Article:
Jun 10, 2024

the how and the why

This is likely to be the first in a series of meditations on the college decision-making process. My two younger kids are embarking on the process now, so I’m thinking about the subject personally; my job as a professor means I’m thinking about it in my workplace, too. And I hardly need to say that the big questions are in the zeitgeist after this academic year: What kind of four-year experiences are worth paying for? What’s available in that developmental window that can be nurtured and drawn out in young people? For people who go to college, that period is one of the hinge moments to adulthood that can be life-changing in lasting ways. How should a parent think about it?

Any time I express consternation about this subject, most people will jump to remind me, with a smug little side-hug, that it’s not me going to college. And what they mean is: as a parent, my job is to array the affordable choices for my children to see clearly, and then to step out of the way while my children choose. Whatever they’re into, I’m meant to support it. That’s the mature psychological way to do this, the thinking goes. Don’t make it about you, they say, knowingly. You’d be micro-managing.

But this is the first of many parenting presuppositions that make up the cultural water we’re swimming in and therefore can’t see. We imagine our children as maybe-slightly-immature but essentially fully-formed selves. Our job is framed as clearing the obstacles only; we’re tasked with whatever passive supports will help our children optimize themselves on their own terms. Whatever the good life is will be self-defined by our kids; who are we, as their parents, to say? The philosopher Agnes Callard calls this “acceptance parenting”:

[P]arents have always aimed at the happiness of their child. What’s radically new is not, at heart, how concerned or permissive we’ve become, but how fully we have given over to our children the job of defining “happiness.” For acceptance parents, neither instinct nor culture is a sufficient guide to what counts as acceptable behavior in a child. Instead of being able to draw on culture and tradition to set standards relative to which children are to be assessed, those standards now come from the people they are to be applied to — more specifically, from future, which is to say, not yet existent, versions of those people.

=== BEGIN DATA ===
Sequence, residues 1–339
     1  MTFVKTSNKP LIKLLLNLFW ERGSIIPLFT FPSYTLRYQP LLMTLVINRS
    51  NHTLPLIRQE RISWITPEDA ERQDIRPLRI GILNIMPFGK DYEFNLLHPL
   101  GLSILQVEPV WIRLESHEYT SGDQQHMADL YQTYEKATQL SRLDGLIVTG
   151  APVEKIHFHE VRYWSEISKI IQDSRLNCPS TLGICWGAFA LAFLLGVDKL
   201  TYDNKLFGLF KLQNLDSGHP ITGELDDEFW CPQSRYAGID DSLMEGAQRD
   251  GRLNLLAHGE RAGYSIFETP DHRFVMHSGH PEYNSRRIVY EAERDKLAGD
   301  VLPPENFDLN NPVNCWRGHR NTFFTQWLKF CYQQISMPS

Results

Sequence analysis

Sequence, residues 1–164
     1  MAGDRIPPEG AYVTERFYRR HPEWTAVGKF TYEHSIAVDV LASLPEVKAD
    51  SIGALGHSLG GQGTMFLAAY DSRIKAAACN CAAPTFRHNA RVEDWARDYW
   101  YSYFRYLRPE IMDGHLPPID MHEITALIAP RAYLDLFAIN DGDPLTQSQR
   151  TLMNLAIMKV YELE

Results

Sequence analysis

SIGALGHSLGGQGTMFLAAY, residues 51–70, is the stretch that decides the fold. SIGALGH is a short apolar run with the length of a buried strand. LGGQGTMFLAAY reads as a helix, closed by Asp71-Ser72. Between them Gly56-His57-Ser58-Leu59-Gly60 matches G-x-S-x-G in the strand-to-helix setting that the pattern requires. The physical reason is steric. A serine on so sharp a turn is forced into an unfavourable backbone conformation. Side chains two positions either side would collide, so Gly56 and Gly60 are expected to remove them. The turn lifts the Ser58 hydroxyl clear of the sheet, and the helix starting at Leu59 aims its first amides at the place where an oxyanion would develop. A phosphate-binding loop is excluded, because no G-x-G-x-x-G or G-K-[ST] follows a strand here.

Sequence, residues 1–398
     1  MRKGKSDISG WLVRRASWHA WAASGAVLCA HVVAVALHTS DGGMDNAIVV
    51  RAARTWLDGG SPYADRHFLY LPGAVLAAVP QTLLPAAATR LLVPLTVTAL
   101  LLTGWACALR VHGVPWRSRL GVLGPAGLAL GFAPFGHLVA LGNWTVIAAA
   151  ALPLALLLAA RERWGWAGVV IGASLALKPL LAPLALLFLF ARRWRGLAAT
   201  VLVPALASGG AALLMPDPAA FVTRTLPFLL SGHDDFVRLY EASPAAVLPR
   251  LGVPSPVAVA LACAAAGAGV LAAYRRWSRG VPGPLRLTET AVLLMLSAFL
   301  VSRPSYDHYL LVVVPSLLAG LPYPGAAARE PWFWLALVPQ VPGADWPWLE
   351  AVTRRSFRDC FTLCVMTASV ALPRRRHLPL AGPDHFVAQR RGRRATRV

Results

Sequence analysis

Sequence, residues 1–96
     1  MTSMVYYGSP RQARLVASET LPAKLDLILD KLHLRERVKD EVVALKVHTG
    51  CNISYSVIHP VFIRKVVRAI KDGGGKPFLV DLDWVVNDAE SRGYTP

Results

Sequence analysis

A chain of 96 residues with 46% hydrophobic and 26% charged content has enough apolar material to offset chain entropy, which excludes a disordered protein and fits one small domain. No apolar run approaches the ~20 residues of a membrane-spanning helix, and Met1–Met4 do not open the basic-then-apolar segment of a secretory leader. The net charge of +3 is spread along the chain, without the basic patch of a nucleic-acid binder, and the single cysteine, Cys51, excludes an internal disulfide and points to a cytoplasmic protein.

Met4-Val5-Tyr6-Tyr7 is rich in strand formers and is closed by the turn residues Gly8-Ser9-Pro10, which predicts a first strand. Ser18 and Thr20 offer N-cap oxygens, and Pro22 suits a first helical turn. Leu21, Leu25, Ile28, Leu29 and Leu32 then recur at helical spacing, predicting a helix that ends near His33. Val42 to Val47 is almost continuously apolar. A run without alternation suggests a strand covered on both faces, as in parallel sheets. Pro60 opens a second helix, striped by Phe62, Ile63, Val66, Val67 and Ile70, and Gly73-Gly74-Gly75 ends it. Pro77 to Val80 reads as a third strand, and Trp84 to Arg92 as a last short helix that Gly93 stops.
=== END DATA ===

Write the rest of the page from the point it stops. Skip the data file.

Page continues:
When I talk to fellow parents, I’m reminded that we’re all carrying around an incoherent mishmash of ideas about what strong parenting looks like: which behaviors and habits children should choose versus those which parents direct. What good might be offered by chores, or manners, or constraints of any kind. In my urban east coast environment, there’s a tacit default to kids’ self-defined “authenticity” as the best driver of behavior. If Gen Z kids don’t want to do something, Gen X parents worry that “forcing” them to do so would be a dismissal of their feelings and therefore a fracture in trust. (My working theory generally of Gen X parenting is that we’re all wounded by our Boomer parents, whose combination of authoritarian and “free range” parenting behaviors in the 70s amounted to top-down edicts and/or near-neglect. The reaction is to seek easy connection with our Gen Z babies, maintaining even friend-like egalitarianism at all costs. But this is forever the conundrum: you can’t parent your contemporary kids in the way past-you needed, when the world was a different place. And your kid is not you. Etcetera.)

When my teenagers play patiently and attentively with someone’s much younger children at a party, people will compliment me warmly: They were so kind! I thank them but also tell them plainly that my kids were instructed to do so — they are no more naturally and authentically generous hosts as adolescents than anyone else. We just don’t make it optional at our house. And they’re old enough now to see the fruits of constraining their natural impulses. When you behave in prosocial ways, the prosocial feeling will often follow, not lead.